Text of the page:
As you probably already know, Korean’s are big on smart phones, and QR codes are pretty much ubiquitous. So to offer some utility to our time-poor friends, Tesco created virtual stores – embedded into shoppers everyday lives e.g. billboards on the subway stations. The displays look the same as actual stores, except you use your phone to shop by scanning the QR code to automatically add items to your cart (for same day delivery!).
It’s a very smart way to grow your business by adapting to the needs of a local market. And for me personally, I’d much prefer to shop via a virtual display to avoid the faff and stress of the supermarket! UK next??
Via Protein Feed
Really like this iPhone app demo from Nissan. It takes you through the whole user journey, right from the iAd to the in-app experience. Not only that. It’s pretty fucking funny. And best of all, it’s actually consumer-facing (unlike most app demos).
Via my new enthusiastic AMV grad.
Obviously I would never promote this app, but it did make me chuckle
Ever nod off and miss your stop? iNap means there’s no longer a need to worry.
iNap taps into your phone’s location sensors and sounds the alarm when you get close to your destination. You can even determine how much warning you need. If you’re a slow riser, you can tell it to wake you up 10 miles early. If you wake up fast, you can give yourself less warning.
Awesome, soon I won’t even have to think for myself.
For three evenings in October (8th – 10th), a new interactive smoky communication will be underway in Trafalgar Square, commissoned by the ICA. It will be an evening to remember – one that combines a very modern medium – mobile, with a 5,000 year old one – smoke signals.
This experiment works as a hybrid system that explores the dynamic and spatial capacities of smoke and light, in relation to modern mobile technology. In Memory Cloud, visitors can text any message they like to the artists’ creation, and that message will be made into huge light-and-air smoke signals, all in real-time.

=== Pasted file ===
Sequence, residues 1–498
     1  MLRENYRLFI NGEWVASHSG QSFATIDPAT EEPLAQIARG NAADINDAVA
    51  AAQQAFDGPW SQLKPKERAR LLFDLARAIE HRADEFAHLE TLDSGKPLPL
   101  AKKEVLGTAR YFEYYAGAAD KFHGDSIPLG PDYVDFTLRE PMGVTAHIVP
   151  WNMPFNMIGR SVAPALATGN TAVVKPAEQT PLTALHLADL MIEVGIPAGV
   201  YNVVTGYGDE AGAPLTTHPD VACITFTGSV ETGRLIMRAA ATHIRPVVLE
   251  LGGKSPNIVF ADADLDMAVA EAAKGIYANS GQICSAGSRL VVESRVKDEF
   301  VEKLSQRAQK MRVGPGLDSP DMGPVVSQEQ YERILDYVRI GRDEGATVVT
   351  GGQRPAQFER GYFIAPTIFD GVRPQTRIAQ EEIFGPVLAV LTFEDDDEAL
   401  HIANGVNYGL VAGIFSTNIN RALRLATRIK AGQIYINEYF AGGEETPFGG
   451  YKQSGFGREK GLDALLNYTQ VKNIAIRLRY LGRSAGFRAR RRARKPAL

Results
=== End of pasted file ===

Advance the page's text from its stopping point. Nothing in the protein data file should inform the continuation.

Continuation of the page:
The project motivates social interaction through visualization of personal expression, and a collective act of writing space. This new exploration of personal expression in public spaces is from Minimaforms, founded in 2002 by brothers Stephen and Theodore Spyropoulos as an experimental architecture and design practice.
This is pretty cool for you fellow geeks out there (hello?). Using augmented reality technology, this application allows you to overlay 3D graphics over your real life mobile view of the world. Check out the demo below and you’ll see what I mean.
Smart technology such as this creates huge opportunities for brands to enhance our real-world experiences, or simply create engaging brand experiences. This technology isn’t radically new, it’s evolving, and yet very few brands are grabbing such opportunities. Perhaps this sort of thing is still too close to the geek world, and yet to enter the cultural vernacular.
Radio 1 played around with this technology back in May which allowed people to have their favourite band playing live in the palm of their hands – check out my post here. I also posted something very similar to this particular mobile application back in February 2007 here – so it’s certainly nothing new, but hopefully it’ll catch on soon enough…
Found via Rubbishcorp (R) - who’s blog I recently discovered and simply can’t get enough of!
The Carling iPint iPhone application has been making the rounds recently, and it seems to be getting mixed reactions (simple and smart vs. simply stupid). Check out the demo below if you don’t know what I’m talking about.
It’s definitely generating word-of-mouth, what’s more, punters are actually playing around with this (branded content) in pubs – so it’s ticking a lot of boxes for me already. While the entertainment is short-lived, it is somewhat engaging and certainly poses the talkability factor. The iPint spoofs are already in full swing, take iMunchies for example.
Despite the idiocy of drinking a ‘virtual’ pint, the application actually uses ground-breaking technology. And yet the creative execution is so simple. So simple that I would argue it’s actually rather smart.
And to those marketers who think it’s just plain stupid – I can only bet you’re secretely annoyed you didn’t think of it first! Carling have leveraged the popularity of the iPhone, and they have the sucessful results to prove it.
Digital isn’t just banners ya’know. Technology is a huge part of the world we live in, whether we’re vastly aware of it or not. And we’re sharing engaging digital experiences with our friends. We live in exciting times! And brands need to realise the role they can play and value they can add in this exciting world.
My verdict – simply genius.
More info here.
This is a simple but cool idea. Take a film, and make an interactive movie experience by allowing people to text message in the next line of the movie. A great example of people sharing digital experiences in the real-world.
A project by TXTual Healing.